Dr.KanijFatemaMonami, Associate Professor, Pediatric Neurology, Bangabandhu Sheikh Mujib Medical University (BSMMU) Dhaka, Bangladesh presented the perspective in Bangladesh and stated that in 2010 there was surge in the services with the establishment of pediatric neurology division. 15 centers “Sishuvikas Kendra”, tertiary care centers and primary health care centers are dedicated for giving the services to paediatric patients with special needs. The main challenges in an LMIC as Bangladesh are availability of trained professionals, who can take care of children with ASD. In a community survey done for diagnosis of ASD, misdiagnosis was very much evident. Children with Cerebral palsy and ADHD were misdiagnosed as ASD. Early identification is another challenge in LMICs as compared to HICs. In Bangladesh Government has taken initiatives, where financial supports are given to the platforms related to not only ASD but also the other Neurodevelopmental disorders. In 2013, two acts have been implemented by government to educate and ensure the well-being of disabled people. Government as a part of social responsibility is also giving monetary support to the disabled people, who are living in poverty. In 2019 special integrated education policy was set up for providing basic education, vocational programs and rehabilitation to children with special need. In BSMMU, genetic testing is regularly done for understanding the pathology of ASD. Two apps have been launched for early screening of ASD and for verbally challenged persons. The other aspect which government is emphasizing is capacity building; has initiated a six-month certificate course for special educators, psychologists, health professionals, who will serve along with the clinical team towards the special need children. Here in Bangladesh, we are persistently doing survey in Urban and Rural populations for early detection of ASD.

U.K. Shukla Programme Director, The National Trust, Department of Empowerment of Persons with Disabilities (Divyangjan), New Delhi, mentioned, a law made and not enforced/ implemented rightly is equal to no existence of law. The recognition of Autism in India in the policies was initiated in year 2016. Four conditions are focused by the ministry of social justice and empowerment is Autism, cerebral Palsy, Intellectual disability and multiple disabilities. He emphasized that it is very crucial to observe the milestones of any child till two years of age, which can help in early identification of neurodevelopmental diseases. Till today we don’t have any cure and the best approach would be to look forward with the best available interventions. He also mentioned, one should pay attention to day-to-day activities like toilet training, and basic needs, should be the first step towards their independence. Few regulations related to guardianship are made under the authority of district magistrate are in place, but the lacunae lie in the understanding and the approaches of the regulations. For working parents/ special need child there is vikas day care schemes, Samarth, Gaharaunda, Niramaya andDisha are formulated. We have implemented the policies, but have we given special educators in school to undertake these challenges, the regulatory authorities should revisit and think through. The representation received from India on guardianship are varied and the policy makers are still looking forward for the corrections and further implantation.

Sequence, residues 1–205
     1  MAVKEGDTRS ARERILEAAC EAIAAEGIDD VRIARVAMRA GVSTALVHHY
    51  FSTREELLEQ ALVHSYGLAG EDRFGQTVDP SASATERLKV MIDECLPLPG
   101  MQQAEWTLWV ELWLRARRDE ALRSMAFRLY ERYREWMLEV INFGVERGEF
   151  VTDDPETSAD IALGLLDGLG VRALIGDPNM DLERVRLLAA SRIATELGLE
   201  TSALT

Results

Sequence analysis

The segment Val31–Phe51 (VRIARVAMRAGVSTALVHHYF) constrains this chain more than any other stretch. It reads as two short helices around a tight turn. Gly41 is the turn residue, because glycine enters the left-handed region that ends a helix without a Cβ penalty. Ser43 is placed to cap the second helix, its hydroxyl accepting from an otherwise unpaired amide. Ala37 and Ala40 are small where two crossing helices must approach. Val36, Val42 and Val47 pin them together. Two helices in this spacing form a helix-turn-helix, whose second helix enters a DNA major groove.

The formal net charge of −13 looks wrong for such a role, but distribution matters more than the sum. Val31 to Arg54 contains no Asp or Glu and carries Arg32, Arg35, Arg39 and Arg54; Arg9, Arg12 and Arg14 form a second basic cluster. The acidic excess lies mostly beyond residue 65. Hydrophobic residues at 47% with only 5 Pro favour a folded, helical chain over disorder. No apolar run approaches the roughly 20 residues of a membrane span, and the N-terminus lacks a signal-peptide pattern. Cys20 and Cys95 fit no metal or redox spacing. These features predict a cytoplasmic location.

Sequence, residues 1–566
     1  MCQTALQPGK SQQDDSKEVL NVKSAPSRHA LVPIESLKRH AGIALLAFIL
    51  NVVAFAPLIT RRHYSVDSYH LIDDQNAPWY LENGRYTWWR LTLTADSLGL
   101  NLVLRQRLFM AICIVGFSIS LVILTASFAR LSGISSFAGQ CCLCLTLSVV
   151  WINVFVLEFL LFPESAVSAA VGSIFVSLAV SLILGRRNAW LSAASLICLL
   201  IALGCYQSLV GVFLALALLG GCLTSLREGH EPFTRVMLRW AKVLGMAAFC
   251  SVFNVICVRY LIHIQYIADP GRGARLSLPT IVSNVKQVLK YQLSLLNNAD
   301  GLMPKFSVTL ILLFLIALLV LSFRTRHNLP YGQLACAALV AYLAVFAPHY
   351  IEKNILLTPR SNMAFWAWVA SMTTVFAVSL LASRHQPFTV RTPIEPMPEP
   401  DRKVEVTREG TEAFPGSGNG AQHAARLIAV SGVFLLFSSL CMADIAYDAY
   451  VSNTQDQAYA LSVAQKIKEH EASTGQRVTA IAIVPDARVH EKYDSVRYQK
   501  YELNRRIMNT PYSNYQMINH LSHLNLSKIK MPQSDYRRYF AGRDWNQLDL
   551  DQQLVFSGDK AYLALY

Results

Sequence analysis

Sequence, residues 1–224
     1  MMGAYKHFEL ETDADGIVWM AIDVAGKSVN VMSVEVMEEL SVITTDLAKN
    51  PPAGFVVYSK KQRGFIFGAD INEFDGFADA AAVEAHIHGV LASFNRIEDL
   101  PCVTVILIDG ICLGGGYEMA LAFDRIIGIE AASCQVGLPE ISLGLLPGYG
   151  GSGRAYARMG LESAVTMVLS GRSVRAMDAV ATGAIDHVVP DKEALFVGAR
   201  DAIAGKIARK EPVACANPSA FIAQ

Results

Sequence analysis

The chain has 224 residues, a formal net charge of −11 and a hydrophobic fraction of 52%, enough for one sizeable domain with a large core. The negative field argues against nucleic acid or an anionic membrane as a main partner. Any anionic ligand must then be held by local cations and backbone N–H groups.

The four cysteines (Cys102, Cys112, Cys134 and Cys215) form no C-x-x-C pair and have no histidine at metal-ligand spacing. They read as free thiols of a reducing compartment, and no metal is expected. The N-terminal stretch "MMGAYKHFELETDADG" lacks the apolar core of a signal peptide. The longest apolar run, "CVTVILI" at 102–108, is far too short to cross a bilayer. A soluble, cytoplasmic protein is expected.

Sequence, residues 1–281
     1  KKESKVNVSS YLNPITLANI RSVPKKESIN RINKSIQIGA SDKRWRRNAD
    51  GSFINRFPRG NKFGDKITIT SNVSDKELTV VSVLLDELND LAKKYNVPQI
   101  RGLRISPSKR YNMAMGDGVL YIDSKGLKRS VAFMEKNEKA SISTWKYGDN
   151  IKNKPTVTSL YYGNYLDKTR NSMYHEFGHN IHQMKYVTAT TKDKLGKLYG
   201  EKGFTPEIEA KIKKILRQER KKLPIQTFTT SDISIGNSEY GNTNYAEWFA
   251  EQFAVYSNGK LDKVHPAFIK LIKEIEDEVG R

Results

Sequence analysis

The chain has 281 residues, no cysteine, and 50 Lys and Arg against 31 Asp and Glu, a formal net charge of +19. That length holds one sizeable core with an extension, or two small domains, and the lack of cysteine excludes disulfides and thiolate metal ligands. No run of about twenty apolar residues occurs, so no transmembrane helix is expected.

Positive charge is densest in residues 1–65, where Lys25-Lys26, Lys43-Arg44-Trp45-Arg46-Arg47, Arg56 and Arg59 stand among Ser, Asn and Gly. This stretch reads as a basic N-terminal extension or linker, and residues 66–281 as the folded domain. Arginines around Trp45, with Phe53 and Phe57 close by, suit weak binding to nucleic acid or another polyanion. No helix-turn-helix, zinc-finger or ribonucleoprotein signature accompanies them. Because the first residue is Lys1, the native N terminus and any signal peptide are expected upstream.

Till today we do not have any scheme which looks into the integral matter of disability in totality. The national trust along with the other regulatory authorities is looking forward for development of robust schemes. The skills should be developed so as the special need child can think himself/herself as a participating member rather than burden. The central government employees should enrol their special need child, so as they can avail full pension, as-n-when they are eligible.